This tiny and fast prime is possibly one of the most under-rated lenses in the entire Fujifilm line up.
Being a sucker for a bargain, that’s what initially led me to purchase the Fujinon 18mm f/2 prime lens. It was on special offer here in Asia at somewhere around $250, which was just too good to miss out on, even if I wasn’t really sure that I’d ever really have a need for it.
For some time I’d been looking for comparatively wide angle option and had been considering the original 14mm lens, although it was getting somewhat mixed reviews online, which deterred me from taking that route to wideness.
This is somewhat ironic considering what a classic it’s since gone on to become, showing that some YouTube reviews are, well, lets just say that at times you’re much better off trying one for yourself if you get the chance.
There was also the vague hint of what would turn out to be the 10-24mm being in the works, and so in the meantime I went for the bargain buy 18mm not so wide option, another lens that was getting somewhat mixed reviews.
As a travelling and working photographer primes are something I only really tend to use when I have time to work in a set environment, or when I am not under pressure to get a selection of different (focal length) images. For some time I just slipped this tiny 18mm bundle of joy into my bag as a walk around night time lens and as a spare lens for travels, just in case I had issues or accidents with my zooms (which has happened).
It didn’t take long for me to realise that this lens was highly under rated, and that the images I was making with it were very appealing to me on a personal level, which earned it a regular slot in my workflow.
From a size and weight point this lens is tiny and super light. It is bigger than the 27mm pancake lens, but not by much. It also has an aperture ring, the lack of which is something that has so far prevented me from buying the 27mm (which doesn’t have one, although a new version with aperture ring is rumoured). The 18mm lens also comes with a really nice box shaped lens hood. This almost doubles the length of it, although I do leave attached at all of the time as it’s solid and works well as a lens protector.
Despite being so lightweight the lens feels really tactile and is of good quality in build. I’ve never had any issues with it on the reliability side, and it’s been dropped several times.
Initially I wasn’t banking on it being a viable performer when it came to action and autofocus performance, and yet it does perform pretty well here. With its retro styling (hood) and small size it can be really stealth too, as it is assumed by many not to be a “professional” setup in many situations, meaning that you can shoot more freely without attracting attention.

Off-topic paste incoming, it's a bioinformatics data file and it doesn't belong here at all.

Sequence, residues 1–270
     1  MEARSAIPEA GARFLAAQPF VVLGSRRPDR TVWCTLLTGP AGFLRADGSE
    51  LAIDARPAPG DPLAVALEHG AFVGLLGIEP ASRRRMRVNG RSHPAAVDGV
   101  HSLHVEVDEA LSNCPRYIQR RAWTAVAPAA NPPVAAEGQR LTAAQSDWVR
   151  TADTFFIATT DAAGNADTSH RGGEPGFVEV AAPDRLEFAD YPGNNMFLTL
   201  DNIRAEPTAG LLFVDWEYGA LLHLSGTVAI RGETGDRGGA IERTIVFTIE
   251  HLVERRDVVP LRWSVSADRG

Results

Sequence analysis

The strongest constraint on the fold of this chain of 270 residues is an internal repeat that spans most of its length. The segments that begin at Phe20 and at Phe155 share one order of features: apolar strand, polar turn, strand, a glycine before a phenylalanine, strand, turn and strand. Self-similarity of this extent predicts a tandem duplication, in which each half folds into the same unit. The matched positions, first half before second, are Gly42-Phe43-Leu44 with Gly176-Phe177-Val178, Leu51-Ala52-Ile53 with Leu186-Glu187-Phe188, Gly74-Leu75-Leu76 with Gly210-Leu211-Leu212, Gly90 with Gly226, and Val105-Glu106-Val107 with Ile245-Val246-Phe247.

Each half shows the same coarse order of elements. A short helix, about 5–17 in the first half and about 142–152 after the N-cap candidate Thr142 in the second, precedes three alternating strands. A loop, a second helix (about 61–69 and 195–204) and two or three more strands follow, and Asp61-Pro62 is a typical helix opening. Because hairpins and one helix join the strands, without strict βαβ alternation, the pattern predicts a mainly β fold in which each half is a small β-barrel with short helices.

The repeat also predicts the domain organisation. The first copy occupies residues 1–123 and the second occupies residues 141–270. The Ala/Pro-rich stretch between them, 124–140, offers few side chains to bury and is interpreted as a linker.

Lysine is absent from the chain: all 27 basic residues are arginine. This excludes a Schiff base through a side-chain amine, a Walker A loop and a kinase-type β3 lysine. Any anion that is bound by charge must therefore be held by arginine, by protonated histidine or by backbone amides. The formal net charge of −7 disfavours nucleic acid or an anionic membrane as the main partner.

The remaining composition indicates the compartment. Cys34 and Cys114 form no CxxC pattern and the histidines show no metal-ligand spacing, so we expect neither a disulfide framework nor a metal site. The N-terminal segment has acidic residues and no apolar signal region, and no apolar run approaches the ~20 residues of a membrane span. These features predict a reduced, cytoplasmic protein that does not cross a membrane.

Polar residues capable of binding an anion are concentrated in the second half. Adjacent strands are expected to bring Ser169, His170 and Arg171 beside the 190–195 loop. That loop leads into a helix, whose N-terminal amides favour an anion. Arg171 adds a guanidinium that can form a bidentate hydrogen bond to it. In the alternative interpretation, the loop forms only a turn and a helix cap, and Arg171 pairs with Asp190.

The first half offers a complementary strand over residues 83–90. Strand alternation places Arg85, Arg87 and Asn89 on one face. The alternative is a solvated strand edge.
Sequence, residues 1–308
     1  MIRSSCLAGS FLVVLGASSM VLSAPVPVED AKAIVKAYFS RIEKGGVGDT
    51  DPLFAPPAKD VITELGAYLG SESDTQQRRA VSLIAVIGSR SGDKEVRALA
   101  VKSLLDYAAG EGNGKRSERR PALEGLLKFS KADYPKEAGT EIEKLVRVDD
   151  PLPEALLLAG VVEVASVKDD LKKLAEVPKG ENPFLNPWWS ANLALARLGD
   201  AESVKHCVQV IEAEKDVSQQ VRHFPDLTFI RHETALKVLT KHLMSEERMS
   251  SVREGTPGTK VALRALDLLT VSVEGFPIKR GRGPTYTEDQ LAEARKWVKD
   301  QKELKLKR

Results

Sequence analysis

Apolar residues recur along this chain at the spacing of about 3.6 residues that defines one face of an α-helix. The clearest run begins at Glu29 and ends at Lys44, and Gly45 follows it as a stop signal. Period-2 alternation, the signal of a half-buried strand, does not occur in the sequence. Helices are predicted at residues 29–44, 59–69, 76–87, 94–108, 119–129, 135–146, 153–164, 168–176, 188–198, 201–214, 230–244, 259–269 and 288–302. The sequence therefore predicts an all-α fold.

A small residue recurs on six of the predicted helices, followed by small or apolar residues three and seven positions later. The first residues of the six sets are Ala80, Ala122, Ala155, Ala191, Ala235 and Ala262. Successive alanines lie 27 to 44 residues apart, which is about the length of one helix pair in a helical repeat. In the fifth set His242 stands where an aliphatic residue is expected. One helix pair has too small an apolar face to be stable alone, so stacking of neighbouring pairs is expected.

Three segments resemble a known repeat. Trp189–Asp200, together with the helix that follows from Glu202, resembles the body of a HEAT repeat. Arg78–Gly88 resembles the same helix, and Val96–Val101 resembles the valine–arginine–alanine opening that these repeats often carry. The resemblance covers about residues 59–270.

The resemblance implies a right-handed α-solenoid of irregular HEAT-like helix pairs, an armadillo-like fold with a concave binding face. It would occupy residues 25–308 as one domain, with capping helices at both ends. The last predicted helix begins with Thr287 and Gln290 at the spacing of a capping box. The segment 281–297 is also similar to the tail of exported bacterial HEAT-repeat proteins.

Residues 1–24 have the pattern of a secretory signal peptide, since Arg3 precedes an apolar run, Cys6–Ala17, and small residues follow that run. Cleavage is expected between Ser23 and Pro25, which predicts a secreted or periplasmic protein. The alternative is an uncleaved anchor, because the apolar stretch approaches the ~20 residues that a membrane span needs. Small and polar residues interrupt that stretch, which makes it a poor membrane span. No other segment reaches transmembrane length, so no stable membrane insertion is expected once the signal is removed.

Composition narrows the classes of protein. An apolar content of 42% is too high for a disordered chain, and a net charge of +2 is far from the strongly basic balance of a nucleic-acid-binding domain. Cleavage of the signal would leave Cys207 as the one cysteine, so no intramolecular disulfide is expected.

There’s something that I find very charismatic about this lens and in the images I manage to make with it. Somehow they have a very distinctive and different feel to them when compared to the 18-55mm shot at 18mm (which is my most used Fuji lens). The whole experience of using the 18mm is also more pleasing, although I’d struggle to put my finger on exactly why that is.
After sundown was where I initially saw this lens fitting into my workflow, and most definitely it does have a liking for the dark side. However, it’s in the streets, the souks and the bazaars that I find it really comes into It’s own, and it’s now my go to lens in these situations.
Despite my pre-ambles about preferring to use a telephoto for my work, in confined and fast moving environments a prime of this focal length really fits with my personal approach. Using this lens allows be to set things up in a street shooting fixed settings style, and then to work scenes and change settings from there when the opportunity arises, and all at good at speed.
I always shot JPG and RAF, and only use the Jpegs when transferring to my phone for Instagram use. Everything else is worked on in Lightroom. I always shoot in a colour simulation of some kind, and 99% of my work images are processed in colour. I only ever select a few of my personal favourites for a mono conversion. Mono is something that I have a passion for, but simply is not popular from my own editorial sales point.
Black & white, this is where the 18mm really excels, in my opinion. There’s just something about the tonal contrast and the focal length that seems to lend it’s self to mono street shooting with this lens, which probably mostly down to personal taste.
Whilst there are many out there paying through the nose for retro inspired third party lenses, or who spend hours scouring eBay looking for work around options and old lenses which may or may not work to add a certain character to their images, the 18mm is right there under your nose and it can be easily found at a bargain price; it’s hard to go wrong with this lens.